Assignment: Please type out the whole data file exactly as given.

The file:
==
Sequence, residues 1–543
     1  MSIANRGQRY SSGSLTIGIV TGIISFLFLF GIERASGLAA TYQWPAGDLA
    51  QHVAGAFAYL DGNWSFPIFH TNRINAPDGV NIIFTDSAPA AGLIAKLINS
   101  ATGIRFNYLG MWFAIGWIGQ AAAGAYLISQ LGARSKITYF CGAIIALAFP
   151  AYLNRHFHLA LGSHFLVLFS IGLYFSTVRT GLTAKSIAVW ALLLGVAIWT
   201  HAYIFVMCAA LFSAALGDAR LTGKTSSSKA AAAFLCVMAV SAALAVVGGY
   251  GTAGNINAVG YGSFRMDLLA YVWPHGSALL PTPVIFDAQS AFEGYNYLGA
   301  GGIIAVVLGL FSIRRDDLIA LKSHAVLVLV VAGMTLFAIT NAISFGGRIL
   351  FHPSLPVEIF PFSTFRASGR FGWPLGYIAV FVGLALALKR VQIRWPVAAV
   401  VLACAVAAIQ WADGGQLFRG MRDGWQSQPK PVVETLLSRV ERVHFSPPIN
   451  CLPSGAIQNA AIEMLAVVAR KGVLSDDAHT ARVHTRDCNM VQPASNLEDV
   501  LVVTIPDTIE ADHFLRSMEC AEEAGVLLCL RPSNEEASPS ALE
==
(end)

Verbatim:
Sequence, residues 1–543
     1  MSIANRGQRY SSGSLTIGIV TGIISFLFLF GIERASGLAA TYQWPAGDLA
    51  QHVAGAFAYL DGNWSFPIFH TNRINAPDGV NIIFTDSAPA AGLIAKLINS
   101  ATGIRFNYLG MWFAIGWIGQ AAAGAYLISQ LGARSKITYF CGAIIALAFP
   151  AYLNRHFHLA LGSHFLVLFS IGLYFSTVRT GLTAKSIAVW ALLLGVAIWT
   201  HAYIFVMCAA LFSAALGDAR LTGKTSSSKA AAAFLCVMAV SAALAVVGGY
   251  GTAGNINAVG YGSFRMDLLA YVWPHGSALL PTPVIFDAQS AFEGYNYLGA
   301  GGIIAVVLGL FSIRRDDLIA LKSHAVLVLV VAGMTLFAIT NAISFGGRIL
   351  FHPSLPVEIF PFSTFRASGR FGWPLGYIAV FVGLALALKR VQIRWPVAAV
   401  VLACAVAAIQ WADGGQLFRG MRDGWQSQPK PVVETLLSRV ERVHFSPPIN
   451  CLPSGAIQNA AIEMLAVVAR KGVLSDDAHT ARVHTRDCNM VQPASNLEDV
   501  LVVTIPDTIE ADHFLRSMEC AEEAGVLLCL RPSNEEASPS ALE